A sad turn of her lips expressed something behind a veil of skin I no longer recognized in the face of a human being. “You are the man in the dome, nameless, sinless before God. You were chosen to bring us closer to the light by being absorbed by it, immortalized by it. My devotion is to the conceptualization that you are the closest thing to God that our world has to offer.”
My shoulders sunk at the weight of her words. I knew nothing of God, nor did I want anything to do with him or her if they existed.
“Do you know how long you’ve been in the dome?” she asked.
I had no idea. I stared up at her blankly, the silence answering the question for her.
“You have been inside this dome for three-thousand years.”
I shrugged; the relevance of time no longer meant anything to me.
“May I ask you a question?”
I nodded.
A smile returned to her face and she lit up with the opportunity to ask her concept of God a question. “What would you do if you were no longer confined to this dome?”
Her question seemed easy enough, but I thought on it for a moment or two before responding. “I would see the world,” I answered. It was simple yet profound for my mind to imagine that opportunity to see the expanse of what lay beyond.
Sadness rushed back to her cheeks and she looked down for a moment, dread drawing her shoulders closer to the floor. “That’s why I am her, Master,” she said solemnly. The hushed tones of her voice evoking an emotional response I was unfamiliar with. “The world is dead,” she finished.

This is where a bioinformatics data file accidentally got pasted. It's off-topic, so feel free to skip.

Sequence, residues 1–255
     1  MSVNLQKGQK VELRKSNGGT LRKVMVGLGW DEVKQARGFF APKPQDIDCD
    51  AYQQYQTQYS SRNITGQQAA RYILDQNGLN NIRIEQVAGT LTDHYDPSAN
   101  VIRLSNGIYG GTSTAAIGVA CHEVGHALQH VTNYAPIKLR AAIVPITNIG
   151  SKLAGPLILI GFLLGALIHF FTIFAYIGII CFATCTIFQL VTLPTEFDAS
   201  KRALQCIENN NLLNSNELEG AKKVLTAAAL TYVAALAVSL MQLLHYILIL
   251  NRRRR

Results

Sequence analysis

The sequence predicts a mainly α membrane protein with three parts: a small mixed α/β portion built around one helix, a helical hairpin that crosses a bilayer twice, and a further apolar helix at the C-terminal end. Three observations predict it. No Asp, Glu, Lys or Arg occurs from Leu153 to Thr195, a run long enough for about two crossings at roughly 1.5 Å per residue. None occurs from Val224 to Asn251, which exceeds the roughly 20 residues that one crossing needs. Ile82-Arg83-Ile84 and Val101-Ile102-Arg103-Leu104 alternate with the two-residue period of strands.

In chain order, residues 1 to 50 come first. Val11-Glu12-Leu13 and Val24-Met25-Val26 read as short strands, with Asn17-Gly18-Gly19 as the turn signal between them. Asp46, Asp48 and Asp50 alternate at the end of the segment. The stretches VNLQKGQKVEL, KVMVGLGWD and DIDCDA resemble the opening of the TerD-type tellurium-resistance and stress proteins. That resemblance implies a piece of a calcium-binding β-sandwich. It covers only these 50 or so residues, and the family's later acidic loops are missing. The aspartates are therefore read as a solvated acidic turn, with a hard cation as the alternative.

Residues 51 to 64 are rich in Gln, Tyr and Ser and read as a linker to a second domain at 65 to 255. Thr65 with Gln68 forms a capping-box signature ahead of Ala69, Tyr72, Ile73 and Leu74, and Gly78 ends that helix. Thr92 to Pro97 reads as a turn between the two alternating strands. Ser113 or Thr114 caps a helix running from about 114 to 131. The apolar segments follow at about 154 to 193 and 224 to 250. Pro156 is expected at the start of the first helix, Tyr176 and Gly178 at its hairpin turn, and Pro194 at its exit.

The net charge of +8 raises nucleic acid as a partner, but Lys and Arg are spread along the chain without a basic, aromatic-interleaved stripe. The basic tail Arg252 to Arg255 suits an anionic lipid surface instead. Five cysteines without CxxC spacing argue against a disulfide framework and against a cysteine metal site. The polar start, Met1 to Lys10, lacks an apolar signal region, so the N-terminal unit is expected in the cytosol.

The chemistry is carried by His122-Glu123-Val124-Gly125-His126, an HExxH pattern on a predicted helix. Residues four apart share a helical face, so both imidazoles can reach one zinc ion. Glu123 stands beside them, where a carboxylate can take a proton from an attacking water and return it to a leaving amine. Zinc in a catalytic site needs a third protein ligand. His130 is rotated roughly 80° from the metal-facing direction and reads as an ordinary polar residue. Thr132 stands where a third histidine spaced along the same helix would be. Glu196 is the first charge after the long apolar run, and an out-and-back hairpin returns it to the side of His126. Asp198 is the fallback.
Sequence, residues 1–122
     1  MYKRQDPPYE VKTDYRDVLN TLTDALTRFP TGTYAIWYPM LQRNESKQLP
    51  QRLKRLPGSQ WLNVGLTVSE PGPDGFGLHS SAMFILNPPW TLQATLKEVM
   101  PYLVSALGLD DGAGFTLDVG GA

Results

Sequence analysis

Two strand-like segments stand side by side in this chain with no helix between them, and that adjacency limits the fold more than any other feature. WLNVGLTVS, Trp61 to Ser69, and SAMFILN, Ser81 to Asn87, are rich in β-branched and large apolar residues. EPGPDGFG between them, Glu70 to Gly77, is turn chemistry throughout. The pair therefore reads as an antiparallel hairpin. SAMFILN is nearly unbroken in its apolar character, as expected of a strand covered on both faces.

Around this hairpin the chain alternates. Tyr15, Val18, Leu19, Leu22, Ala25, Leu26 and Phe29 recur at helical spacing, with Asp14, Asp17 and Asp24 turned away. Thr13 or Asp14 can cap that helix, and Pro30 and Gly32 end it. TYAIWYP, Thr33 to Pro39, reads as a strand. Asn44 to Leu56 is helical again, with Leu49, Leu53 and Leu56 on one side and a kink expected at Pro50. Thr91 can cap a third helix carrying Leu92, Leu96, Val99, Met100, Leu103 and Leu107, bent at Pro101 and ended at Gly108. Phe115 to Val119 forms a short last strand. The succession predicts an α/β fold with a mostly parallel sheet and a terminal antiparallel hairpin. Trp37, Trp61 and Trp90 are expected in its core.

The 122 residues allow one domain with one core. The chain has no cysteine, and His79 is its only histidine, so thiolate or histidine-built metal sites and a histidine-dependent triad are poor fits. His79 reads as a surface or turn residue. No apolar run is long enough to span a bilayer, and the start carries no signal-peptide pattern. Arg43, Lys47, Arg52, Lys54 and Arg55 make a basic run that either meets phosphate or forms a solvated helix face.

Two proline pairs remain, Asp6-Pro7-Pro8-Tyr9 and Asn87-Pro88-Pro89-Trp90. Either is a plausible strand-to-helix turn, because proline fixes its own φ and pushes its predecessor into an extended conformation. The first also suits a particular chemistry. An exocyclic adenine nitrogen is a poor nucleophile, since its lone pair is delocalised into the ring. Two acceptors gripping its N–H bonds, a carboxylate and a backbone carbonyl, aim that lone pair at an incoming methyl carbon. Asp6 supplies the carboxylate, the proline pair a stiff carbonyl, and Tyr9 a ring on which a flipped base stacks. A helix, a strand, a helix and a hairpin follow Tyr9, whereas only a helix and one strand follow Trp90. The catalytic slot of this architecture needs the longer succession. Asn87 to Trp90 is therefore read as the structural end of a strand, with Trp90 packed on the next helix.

“I don’t understand,” I said. “If the world is dead then how are you here?”
A delicate hand lifted fragile fingers towards the glass, but as they seemed to make contact they passed through the dome onto my side of eternity.
She was standing before me now, her eyes meeting my gaze. “The difference between you and I is that you are the only one really here.”
I lifted my hands to her, to embrace another human for the first time I could remember. There was nothing standing before me. “How is this possible?”
She stepped back out of the dome, looking away from me and up towards the trickling light. “Peace was never an option and faith became ash in a torrent of wind. We never forgot you, but now we ask that you never forget us.”
“What?” she sounded mad, this small inhuman woman; her words so foreign I thought she was speaking in riddles.
“I am Sara, the last memory of our people; the ones called to devote our lives to you. The world above is dead and we failed to stop it. Now, you are alone and no one will ever know the truth.”
A tear fell from my cheek as realization set in. All these years and all those screams had been the world beyond falling to dust. I had closed my ears to it all as they yearned for some profound statement from me to escape my ignorant lips. They put faith in someone unworthy and it costs them everything.
“What truth is that?” I asked, thinking to myself that I knew the answer.
Sara turned back to me, her own tears trickling down her face. “That the truth was always a lie is disguise.”
And with those words she was gone and I was once again left to my confinement; the man in the dome for an eternity of nothingness.
END

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About

I am an active duty Navy veteran and self published science fiction author. I grew up in Mississippi and joined the navy at seventeen. I now live in Virginia with my wife and two daughters.